Western graduate prepares to soar to new heights as U-2S pilot
U.S. Air Force Major Matthew Elmore cites WCSU education as 'defining period' in his
DANBURY, CONN. — U.S. Air Force Major Matthew Elmore arrived at Western Connecticut State University in 2000 still searching for direction in his career and his life. Three years later, he left with a biology degree and an education that will help him to soar to new heights as he begins training this fall to join the elite Air Force corps who pilot the service’s U-2S surveillance aircraft.
“My education at Western was one of the defining periods in my life,” said Elmore, a 20-year Air Force veteran who left Western to rise through the ranks as an aircraft and flight commander, training officer, aerospace studies professor and instructor pilot. This November he will enter the yearlong U-2S pilot training program at Beale Air Force Base near Sacramento, California, preparing to join the Air Force squadron of pilots who fly missions as long as 12 hours at altitudes above 70,000 feet at the fringes of the Earth’s upper atmosphere.
The Southbury native, who dropped out of high school and later joined the Air Force in 1996 as an imagery analyst, completed an associate’s degree at the Community College of the Air Force and enrolled at Western with “a little bit of trepidation,” yet determined to earn a college degree that would clear his path to become an officer and a pilot. “The only thing that held my attention in high school was science,” he recalled, and soon he had set course in his studies to achieve a bachelor’s degree in biology with a minor in mathematics.
“What I discovered at Western was a diamond in the rough, in its small class sizes and the incredible professors I studied with,” Elmore said. “I felt that my education was not about being lectured to, but rather receiving the opportunity to work and have conversations about my studies with my professors.”
Among the WCSU faculty mentors who strongly influenced Elmore during his studies at Western were Dr. Chuck Rocca in the Department of Mathematics and Dr. Frank Dye and Dr. Mitch Wagener in the Department of Biological and Environmental Sciences. Wagener recalled Elmore as “one of the favorite students I have had in the past 20 years, a bright and science-minded young man who has a ‘grasshopper’ kind of mind and a passion to explore lots of different things. He is the kind of guy who will pick up on things and then research them on his own, who is self-motivated to educate himself.”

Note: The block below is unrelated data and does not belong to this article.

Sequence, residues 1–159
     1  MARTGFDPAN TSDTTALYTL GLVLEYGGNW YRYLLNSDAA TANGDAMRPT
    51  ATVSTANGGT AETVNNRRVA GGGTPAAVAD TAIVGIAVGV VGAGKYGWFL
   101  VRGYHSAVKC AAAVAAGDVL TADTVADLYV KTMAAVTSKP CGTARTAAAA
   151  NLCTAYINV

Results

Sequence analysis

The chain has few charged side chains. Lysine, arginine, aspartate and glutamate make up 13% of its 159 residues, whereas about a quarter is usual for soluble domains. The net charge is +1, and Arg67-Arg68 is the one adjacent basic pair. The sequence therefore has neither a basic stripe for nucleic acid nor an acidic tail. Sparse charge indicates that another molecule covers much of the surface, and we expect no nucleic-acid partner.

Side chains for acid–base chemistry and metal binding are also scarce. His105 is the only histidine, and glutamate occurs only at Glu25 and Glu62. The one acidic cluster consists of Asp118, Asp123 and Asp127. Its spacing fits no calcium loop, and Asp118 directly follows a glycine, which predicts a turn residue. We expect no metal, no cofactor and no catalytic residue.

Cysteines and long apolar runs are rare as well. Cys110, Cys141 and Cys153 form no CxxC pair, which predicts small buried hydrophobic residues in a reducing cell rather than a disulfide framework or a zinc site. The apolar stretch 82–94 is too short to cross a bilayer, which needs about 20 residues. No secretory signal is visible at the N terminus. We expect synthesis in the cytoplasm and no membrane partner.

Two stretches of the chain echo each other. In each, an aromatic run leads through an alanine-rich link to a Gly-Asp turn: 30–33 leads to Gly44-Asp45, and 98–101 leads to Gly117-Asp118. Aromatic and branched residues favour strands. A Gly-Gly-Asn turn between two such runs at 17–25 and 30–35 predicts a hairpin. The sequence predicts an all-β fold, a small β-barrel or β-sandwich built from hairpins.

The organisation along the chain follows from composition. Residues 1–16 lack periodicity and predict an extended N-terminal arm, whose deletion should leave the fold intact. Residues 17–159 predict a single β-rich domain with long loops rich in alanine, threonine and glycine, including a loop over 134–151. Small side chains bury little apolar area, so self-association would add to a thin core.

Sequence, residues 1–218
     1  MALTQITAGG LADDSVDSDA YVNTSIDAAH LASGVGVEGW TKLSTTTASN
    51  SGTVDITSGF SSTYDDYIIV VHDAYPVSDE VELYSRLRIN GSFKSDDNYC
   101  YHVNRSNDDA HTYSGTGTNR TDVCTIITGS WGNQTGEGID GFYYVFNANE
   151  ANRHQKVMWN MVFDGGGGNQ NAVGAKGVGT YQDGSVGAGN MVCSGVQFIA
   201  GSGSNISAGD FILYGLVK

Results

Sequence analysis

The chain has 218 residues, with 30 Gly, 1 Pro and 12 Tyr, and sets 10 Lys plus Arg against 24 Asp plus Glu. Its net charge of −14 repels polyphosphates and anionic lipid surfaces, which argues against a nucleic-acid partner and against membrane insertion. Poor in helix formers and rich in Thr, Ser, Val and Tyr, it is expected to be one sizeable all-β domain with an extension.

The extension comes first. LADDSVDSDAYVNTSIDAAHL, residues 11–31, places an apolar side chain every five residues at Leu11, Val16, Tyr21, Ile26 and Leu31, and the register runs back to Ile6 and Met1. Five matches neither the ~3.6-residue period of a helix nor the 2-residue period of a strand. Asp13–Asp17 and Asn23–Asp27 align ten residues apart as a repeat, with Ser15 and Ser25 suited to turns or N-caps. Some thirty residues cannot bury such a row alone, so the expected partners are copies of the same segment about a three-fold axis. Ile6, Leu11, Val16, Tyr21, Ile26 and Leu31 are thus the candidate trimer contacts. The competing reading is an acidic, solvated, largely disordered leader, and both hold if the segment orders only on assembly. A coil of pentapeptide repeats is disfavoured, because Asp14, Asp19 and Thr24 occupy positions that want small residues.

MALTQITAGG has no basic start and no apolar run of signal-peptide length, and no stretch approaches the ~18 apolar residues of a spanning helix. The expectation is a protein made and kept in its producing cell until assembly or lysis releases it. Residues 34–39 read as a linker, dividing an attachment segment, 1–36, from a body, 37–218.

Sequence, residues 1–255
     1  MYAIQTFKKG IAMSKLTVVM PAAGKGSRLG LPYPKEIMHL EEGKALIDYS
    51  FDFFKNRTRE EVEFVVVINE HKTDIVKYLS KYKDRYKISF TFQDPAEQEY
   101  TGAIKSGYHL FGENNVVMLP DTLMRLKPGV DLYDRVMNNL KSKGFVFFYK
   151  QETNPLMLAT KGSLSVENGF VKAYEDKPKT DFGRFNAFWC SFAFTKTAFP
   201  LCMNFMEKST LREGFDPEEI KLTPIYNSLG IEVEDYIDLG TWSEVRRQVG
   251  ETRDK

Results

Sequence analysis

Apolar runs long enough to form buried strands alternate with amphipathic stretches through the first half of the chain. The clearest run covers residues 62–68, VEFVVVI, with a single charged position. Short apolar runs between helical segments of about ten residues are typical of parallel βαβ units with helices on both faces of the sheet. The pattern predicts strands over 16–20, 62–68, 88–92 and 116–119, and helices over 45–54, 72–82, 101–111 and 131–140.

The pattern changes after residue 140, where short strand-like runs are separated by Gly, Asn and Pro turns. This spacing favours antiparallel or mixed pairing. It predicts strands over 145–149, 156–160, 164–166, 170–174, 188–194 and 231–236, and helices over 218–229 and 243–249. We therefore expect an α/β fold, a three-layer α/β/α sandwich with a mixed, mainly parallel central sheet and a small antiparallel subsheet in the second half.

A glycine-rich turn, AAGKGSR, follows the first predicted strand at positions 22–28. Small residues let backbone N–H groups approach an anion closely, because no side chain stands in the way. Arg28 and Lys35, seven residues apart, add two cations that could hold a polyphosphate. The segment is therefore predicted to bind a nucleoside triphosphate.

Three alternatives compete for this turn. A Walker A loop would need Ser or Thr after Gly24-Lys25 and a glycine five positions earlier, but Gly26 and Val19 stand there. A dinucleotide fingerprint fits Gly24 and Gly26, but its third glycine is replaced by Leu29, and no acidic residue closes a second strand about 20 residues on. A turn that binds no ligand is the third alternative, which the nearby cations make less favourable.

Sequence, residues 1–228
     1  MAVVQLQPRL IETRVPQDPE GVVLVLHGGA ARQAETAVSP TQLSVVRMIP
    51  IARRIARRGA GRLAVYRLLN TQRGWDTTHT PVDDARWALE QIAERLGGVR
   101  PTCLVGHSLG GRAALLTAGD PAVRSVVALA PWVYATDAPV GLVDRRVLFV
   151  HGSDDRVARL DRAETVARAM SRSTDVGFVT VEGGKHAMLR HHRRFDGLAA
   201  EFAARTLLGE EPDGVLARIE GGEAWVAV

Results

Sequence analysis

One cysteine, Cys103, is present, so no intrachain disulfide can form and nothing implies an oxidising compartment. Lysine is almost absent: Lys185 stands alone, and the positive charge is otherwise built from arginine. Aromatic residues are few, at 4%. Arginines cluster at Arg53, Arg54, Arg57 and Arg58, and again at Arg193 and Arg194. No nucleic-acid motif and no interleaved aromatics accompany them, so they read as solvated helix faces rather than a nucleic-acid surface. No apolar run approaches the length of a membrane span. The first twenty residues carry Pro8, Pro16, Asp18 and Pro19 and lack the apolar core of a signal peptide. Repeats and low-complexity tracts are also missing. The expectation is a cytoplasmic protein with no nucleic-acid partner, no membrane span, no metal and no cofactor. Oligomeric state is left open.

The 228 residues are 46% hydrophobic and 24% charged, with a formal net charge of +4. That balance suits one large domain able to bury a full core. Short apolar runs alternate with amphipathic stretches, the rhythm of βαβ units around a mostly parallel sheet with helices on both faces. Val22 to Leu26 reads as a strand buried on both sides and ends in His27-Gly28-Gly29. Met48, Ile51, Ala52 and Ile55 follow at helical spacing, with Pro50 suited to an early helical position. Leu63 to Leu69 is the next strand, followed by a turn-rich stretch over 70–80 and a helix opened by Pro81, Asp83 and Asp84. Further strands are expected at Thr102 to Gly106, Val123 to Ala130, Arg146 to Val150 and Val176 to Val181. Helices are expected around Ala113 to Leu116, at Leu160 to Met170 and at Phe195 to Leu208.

Dye recognized a similar passion for learning in Elmore’s student-initiated research study in the Western professor’s laboratory comparing cytoskeletons of normal and malignant cells and the implications for arresting metastasis. “He demonstrated that the eclectic nature of his mind extends from aerodynamics to mathematics to cancer research,” Dye remarked. In a 2009 letter of recommendation for Elmore, he wrote, “Matt appreciates his teachers and the opportunity to learn. In addition to looking for applications of what he has learned, he also very much wants to know for the sake of knowing. In my 42 years of teaching undergraduates, Matt is one of those students who makes it all worthwhile.”
Wagener noted that Elmore’s passion for flight led him during his Western studies to “rent a Cessna at the Danbury airport and go flying on good weather days,” and he finds it completely in accord with Elmore’s spirit of inquiry and exploration that he should pursue the challenge of flight “on the edge of space.” During U-2S missions, Elmore will be spending long periods at an altitude so high that pilots must wear astronaut-style suits as a precaution against a sudden loss of cabin pressure, which would expose them to unforgiving conditions above the “Armstrong Limit” where the rarified atmosphere leads to boiling of bodily fluids, loss of consciousness and death.
“Matt may be the first Western alumnus ever to reach the fringe of the Earth’s atmosphere,” Wagener remarked. “The Air Force is looking for certain characteristics in the flyers it selects for U-2 training. You have to be able to enjoy, or at least tolerate, extreme conditions that most people would not be able to withstand,” including parachute drops from high altitudes simulating bailout during a U-2S mission.